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SEM of Beetle Gut

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Created 01/06/2009

This scanning electron micrograph shows the exterior surface of a mealworm beetle's (Coleoptera: Tenebrionidae: Tenebrio molitor) midgut. The surface of the midgut, which is ordinarily bathed in the insect's blood (hemolymph), attracted our attention because of the numerous pouches that protrude from it. These pouches appear on the outer surfaces of other beetle midguts, but only after the transformation from pupa to adult. Prior to metamorphosis, the outer surfaces of both the larval and pupal midgut are smooth. We are currently trying to determine why only beetles -- of all insects -- show this distinctive midgut architecture and what function these numerous pouches have at only the adult stage of the beetle life cycle.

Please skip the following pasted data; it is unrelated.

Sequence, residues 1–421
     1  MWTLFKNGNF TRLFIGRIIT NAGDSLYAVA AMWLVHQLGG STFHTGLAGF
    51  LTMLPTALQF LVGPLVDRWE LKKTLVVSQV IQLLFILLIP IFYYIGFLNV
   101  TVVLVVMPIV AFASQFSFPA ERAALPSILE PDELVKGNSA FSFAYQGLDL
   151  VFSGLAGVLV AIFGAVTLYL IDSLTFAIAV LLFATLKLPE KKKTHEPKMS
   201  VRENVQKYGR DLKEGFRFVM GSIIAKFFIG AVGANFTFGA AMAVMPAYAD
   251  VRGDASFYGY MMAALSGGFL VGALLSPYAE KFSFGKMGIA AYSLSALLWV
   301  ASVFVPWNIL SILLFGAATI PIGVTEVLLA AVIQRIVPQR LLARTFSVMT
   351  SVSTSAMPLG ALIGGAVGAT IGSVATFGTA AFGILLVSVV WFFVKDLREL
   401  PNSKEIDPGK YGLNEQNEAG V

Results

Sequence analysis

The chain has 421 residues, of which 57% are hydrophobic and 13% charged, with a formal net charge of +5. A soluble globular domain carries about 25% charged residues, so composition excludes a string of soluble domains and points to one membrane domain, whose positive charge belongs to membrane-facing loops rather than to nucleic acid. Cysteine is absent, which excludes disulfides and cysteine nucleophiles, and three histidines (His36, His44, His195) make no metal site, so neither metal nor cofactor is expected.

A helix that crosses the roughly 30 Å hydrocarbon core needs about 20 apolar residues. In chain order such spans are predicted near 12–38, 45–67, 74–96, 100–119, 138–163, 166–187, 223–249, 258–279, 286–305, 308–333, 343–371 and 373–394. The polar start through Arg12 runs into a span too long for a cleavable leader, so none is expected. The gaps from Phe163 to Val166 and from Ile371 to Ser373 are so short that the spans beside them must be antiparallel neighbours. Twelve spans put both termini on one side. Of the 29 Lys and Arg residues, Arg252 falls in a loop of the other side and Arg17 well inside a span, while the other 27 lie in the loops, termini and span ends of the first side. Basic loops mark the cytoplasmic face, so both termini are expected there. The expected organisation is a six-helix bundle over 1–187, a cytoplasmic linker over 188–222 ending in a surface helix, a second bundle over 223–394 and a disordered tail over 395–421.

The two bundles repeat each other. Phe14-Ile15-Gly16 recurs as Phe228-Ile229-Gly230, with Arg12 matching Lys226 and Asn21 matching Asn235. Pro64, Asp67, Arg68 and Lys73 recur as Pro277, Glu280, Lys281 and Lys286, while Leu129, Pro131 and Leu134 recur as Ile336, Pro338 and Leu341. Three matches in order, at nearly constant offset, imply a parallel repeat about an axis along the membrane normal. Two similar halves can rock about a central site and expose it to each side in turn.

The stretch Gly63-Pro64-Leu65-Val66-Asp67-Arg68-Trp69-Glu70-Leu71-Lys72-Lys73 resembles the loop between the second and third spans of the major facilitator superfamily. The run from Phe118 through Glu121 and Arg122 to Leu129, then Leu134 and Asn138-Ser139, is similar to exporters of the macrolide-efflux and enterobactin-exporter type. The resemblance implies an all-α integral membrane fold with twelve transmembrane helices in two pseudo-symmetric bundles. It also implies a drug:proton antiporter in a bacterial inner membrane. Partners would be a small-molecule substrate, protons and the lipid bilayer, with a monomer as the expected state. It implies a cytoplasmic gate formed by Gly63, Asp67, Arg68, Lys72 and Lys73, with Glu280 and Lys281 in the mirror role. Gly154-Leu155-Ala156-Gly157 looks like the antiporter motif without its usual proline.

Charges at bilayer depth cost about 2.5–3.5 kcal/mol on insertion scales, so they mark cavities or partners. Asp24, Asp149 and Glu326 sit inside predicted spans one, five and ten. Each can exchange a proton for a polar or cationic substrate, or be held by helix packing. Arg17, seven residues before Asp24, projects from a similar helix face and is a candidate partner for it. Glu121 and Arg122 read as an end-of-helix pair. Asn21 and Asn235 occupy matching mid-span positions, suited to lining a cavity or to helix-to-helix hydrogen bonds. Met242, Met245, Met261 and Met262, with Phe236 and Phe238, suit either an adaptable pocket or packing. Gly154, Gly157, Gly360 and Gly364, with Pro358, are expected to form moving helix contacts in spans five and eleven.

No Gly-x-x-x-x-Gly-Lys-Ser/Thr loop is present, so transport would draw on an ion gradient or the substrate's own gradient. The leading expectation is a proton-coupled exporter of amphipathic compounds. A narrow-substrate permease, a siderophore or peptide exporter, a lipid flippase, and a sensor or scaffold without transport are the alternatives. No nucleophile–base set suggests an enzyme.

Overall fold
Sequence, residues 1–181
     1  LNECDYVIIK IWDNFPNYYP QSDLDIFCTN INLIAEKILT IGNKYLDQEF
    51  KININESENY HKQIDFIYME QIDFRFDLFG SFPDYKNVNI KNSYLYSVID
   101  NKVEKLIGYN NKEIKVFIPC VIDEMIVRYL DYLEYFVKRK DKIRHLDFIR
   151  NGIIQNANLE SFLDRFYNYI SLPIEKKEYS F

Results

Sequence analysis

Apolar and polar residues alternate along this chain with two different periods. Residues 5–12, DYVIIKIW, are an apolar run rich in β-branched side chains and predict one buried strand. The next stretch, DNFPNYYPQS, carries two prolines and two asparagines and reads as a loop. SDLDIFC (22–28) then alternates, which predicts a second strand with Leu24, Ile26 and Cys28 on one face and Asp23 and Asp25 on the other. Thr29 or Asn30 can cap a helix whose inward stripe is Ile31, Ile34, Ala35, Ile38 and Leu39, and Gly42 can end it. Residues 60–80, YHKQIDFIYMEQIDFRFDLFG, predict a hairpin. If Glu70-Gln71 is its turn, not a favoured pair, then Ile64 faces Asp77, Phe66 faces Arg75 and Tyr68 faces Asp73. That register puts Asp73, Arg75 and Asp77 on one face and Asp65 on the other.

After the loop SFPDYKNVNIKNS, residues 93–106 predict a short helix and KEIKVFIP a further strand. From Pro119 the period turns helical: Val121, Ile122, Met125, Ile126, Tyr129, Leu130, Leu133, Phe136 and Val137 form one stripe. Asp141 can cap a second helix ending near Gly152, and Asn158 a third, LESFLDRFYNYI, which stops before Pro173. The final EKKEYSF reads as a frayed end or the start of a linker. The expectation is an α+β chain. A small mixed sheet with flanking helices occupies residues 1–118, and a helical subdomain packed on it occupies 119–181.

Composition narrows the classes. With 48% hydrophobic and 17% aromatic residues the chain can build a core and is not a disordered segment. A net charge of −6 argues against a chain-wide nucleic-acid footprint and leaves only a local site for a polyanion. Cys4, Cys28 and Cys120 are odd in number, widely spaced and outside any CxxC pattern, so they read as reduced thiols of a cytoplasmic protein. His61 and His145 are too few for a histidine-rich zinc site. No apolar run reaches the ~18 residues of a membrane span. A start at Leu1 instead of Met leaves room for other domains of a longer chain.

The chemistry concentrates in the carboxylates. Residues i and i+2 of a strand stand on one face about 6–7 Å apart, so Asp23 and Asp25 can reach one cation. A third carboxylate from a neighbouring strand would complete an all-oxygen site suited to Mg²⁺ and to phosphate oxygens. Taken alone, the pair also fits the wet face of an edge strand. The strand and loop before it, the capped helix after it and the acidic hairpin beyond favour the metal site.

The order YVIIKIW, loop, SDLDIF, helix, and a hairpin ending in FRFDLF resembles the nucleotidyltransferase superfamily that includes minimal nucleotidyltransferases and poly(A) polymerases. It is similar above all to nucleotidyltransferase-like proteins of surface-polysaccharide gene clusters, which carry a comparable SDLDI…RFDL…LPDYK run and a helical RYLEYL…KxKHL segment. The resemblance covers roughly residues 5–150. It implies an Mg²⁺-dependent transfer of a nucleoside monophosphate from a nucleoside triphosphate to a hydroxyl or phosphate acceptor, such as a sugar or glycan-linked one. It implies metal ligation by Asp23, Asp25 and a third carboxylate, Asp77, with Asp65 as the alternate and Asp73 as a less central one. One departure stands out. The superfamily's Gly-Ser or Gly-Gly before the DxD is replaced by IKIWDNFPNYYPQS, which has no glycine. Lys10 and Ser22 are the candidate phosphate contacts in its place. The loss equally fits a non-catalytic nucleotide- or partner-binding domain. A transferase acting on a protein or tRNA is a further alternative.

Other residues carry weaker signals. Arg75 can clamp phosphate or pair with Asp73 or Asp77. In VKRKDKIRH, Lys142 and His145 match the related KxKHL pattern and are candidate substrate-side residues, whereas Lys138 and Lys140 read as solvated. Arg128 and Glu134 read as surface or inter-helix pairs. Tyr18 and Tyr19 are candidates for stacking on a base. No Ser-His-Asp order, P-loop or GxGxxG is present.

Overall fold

Credits

  • Mark Bee , ITG, Beckman Institute
  • James Nardi , Department of Entomology
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